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Moe Wagner sees Wizards, city of Washington as perfect fit for him

Moe Wagner sees Wizards, city of Washington as perfect fit for him

WASHINGTON -- Wizards big man Moe Wagner leaned back in his chair at the team's practice facility in Congress Heights and marveled at the Japanese media contingent following rookie Rui Hachimura. Like Hachimura, Wagner is one of the best players to hail from his home country, but he doesn't have a swath of German reporters hanging on to his every word.

"I'm pretty happy that I don't have 50 cameras following me everywhere," Wagner said.

Wagner, though, also comes to the Wizards with the pedigree as a first round pick. He was taken 25th overall last summer by the Los Angeles Lakers, who then traded him to Washington in July. He is part of a cadre of young players Washington has assembled as they embark on a new era, hoping some collection of them pan out.

Wagner may not receive the attention of Hachimura or even Troy Brown Jr., the Wizards' 2018 first round pick, but he too offers a high ceiling and the potential to become a building block for the team's future.

"They are trying to develop something new and establish a winning culture. Everyone here is part of that, it's brand new. As a young player, that's what you want," he told NBC Sports Washington.

Wagner, 22, would like to follow the same track as teammate and friend Thomas Bryant, who joined the Wizards one year ago under similar circumstances. He too was a castoff by the Lakers, who needed to clear salary and roster spots. Bryant emerged as one of the most improved players in the NBA last season and earned a three-year contract as a reward.

Wagner is about the same size as Bryant and plays the same position, but not the same style. Though Bryant can shoot threes, Wagner's game is predicated on them. He shot 39.4 percent from long range in his final two years at the University of Michigan.

But Wagner has not enjoyed the same success in the NBA so far. He shot just 28.6 percent from three as a rookie last season and then went 1-for-14 from the perimeter in the Las Vegas Summer League. He shot 1-for-7 from three in his Wizards preseason debut on Monday night.

Wagner needs to diversify his game so that when his threes aren't falling, he can still be effective. He knows that and is looking to Bryant for a model to follow.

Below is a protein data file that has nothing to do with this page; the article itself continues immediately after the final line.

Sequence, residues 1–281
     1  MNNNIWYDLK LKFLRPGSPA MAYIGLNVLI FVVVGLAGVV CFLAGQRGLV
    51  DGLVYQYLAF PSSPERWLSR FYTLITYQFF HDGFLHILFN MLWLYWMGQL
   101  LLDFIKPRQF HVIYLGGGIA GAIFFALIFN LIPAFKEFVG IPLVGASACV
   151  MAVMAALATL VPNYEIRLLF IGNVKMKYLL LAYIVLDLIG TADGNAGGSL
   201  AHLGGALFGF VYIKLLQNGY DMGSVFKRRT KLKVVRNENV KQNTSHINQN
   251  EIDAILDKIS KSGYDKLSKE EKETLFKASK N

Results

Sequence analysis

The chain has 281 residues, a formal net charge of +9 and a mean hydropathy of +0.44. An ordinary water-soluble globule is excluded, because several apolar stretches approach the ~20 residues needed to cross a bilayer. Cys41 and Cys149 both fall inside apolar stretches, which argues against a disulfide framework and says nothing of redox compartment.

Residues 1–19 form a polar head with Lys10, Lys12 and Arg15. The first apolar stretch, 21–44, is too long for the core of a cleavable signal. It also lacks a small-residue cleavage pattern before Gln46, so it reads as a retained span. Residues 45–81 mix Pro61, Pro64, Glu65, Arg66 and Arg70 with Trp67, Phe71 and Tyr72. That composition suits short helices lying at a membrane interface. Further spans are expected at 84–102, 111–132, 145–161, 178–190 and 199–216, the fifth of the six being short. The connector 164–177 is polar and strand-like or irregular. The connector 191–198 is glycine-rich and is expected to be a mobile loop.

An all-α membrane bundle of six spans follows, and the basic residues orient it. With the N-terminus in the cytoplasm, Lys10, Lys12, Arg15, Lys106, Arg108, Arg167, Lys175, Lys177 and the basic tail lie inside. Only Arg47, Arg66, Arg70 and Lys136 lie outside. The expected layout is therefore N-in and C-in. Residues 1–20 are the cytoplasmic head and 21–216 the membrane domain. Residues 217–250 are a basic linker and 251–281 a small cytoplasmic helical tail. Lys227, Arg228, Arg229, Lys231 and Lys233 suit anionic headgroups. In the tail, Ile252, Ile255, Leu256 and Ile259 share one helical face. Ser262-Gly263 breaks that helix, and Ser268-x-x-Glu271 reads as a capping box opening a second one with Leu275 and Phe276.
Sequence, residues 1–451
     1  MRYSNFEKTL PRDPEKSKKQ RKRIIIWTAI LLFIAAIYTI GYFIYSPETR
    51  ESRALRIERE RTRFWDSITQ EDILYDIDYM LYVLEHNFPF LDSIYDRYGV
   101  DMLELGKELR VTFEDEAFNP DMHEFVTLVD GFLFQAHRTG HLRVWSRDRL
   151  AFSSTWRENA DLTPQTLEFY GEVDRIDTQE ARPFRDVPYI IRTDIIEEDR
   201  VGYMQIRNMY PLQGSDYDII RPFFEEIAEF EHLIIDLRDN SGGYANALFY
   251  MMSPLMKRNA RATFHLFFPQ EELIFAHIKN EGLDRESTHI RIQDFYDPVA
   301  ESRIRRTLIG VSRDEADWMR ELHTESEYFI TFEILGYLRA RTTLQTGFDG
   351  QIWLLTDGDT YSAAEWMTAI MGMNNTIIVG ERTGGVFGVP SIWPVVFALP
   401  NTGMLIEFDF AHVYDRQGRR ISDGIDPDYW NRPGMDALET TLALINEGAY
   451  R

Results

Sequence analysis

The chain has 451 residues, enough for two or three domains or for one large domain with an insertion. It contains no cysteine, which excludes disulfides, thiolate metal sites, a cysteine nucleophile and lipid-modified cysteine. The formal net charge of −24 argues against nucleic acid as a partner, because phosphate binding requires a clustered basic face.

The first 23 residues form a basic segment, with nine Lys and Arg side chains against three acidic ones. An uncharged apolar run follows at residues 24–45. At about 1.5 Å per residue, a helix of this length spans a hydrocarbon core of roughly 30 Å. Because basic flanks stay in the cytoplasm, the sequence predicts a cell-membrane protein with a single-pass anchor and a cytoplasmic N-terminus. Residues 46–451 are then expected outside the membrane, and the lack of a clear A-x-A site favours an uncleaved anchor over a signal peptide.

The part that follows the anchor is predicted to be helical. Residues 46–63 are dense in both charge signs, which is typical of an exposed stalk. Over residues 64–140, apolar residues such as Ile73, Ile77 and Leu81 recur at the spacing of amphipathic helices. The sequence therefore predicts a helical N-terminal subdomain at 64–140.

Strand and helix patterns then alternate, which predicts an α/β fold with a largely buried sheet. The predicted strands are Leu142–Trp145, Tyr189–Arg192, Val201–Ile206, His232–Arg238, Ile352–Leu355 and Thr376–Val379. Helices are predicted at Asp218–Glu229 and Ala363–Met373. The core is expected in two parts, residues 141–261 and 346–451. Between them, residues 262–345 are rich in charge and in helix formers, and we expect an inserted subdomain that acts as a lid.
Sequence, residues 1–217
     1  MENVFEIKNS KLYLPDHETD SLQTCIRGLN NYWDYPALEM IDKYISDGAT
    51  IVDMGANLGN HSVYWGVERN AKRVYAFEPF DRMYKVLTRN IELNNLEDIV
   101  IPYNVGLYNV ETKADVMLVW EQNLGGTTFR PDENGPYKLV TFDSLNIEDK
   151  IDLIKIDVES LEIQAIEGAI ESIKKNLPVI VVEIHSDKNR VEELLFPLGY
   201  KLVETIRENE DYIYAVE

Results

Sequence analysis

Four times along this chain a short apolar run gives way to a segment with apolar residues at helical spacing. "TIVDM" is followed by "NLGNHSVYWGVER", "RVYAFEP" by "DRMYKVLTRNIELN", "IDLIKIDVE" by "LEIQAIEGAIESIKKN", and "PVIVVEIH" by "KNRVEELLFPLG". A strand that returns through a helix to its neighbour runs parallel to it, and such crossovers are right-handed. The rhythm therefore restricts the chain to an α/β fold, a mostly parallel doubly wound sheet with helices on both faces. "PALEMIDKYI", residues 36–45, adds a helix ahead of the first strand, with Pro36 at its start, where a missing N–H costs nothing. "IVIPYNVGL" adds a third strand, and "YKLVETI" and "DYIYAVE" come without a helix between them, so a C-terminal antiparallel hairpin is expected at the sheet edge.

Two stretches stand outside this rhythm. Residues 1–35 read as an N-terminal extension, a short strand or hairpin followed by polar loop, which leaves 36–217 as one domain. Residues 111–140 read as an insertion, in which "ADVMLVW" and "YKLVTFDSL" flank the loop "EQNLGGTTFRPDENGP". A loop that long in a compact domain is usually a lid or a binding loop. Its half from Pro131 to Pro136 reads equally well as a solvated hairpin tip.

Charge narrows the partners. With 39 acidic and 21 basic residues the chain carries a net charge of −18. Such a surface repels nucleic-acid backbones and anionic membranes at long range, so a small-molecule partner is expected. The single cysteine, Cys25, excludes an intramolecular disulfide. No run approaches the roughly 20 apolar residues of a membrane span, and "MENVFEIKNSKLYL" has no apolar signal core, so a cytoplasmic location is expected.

"I think Thomas has done a great job with the way he's just done the simple things really well," Wagner said. 

"Run the floor and get rebounds. Be solid defensively, talk and knock down open shots. It's really not more than that. The rest is going to come to you. It's awesome. It's a great opportunity to do this with Thomas and learn from each other."

Wagner rounding out his game is something head coach Scott Brooks has been keying in on in the Wizards' first few practices of the season. He wants Wagner to understand that making outside shots alone isn't going to be enough to stay on the floor.

"You're only going to make - even if you're great - in the 40s [percent from three]. You'll miss up to 60 percent of your threes. But he can do other things. This surprised me about him; he can pass the ball pretty good," Brooks said.

"I told him a few things that he needs to do better. Impact the game with his agility. He can move up and down the court. I want him to run on the defensive end, getting down and protecting the paint and in transition. I think that's an easy fix that he can get better with."

The good news for Brooks is that Wagner seems serious about getting better. As a first round pick, his immediate future in basketball is secure. But he has his work cut out for him to carve out a long career in the NBA.

Wagner says that is the goal and has been since he first began playing basketball at the age of eight. Soon after picking up the game, he decided he was going to play in the NBA, even if he was "never cocky enough" to tell people that growing up. Still, he says he never had a Plan B in life, going all the way back to when he was a kid and gave up soccer to focus exclusively on basketball by the time he was 10.

Not all German kids dream of playing in the NBA. Though guys like Dirk Nowitzki have paved the way, basketball is not the country's first sport. 

Wagner began realizing his dream was possible when he continued growing, all the way to nearly seven feet. His father is 6-foot-5 and his mother 6-foot-1. He got his height from both of them, but his outspoken personality from his father, whom Wagner describes as an extroverted psychologist.

"I was always tall," Wagner said. "But I never knew I was going to be this tall."

Now Wagner has to be more than just the tall guy who can shoot. He has to be able to rebound, defend and play within the Wizards' system.

But Washington, Wagner feels, is a perfect fit. He has the opportunity to play some real minutes on a team without many proven veterans. And he also thinks the city could be a better place for him than Los Angeles was.

Wagner said he loves politics and is excited to be at the center of it all in the United States. 

"I think it's very interesting what's going on in this country," he said.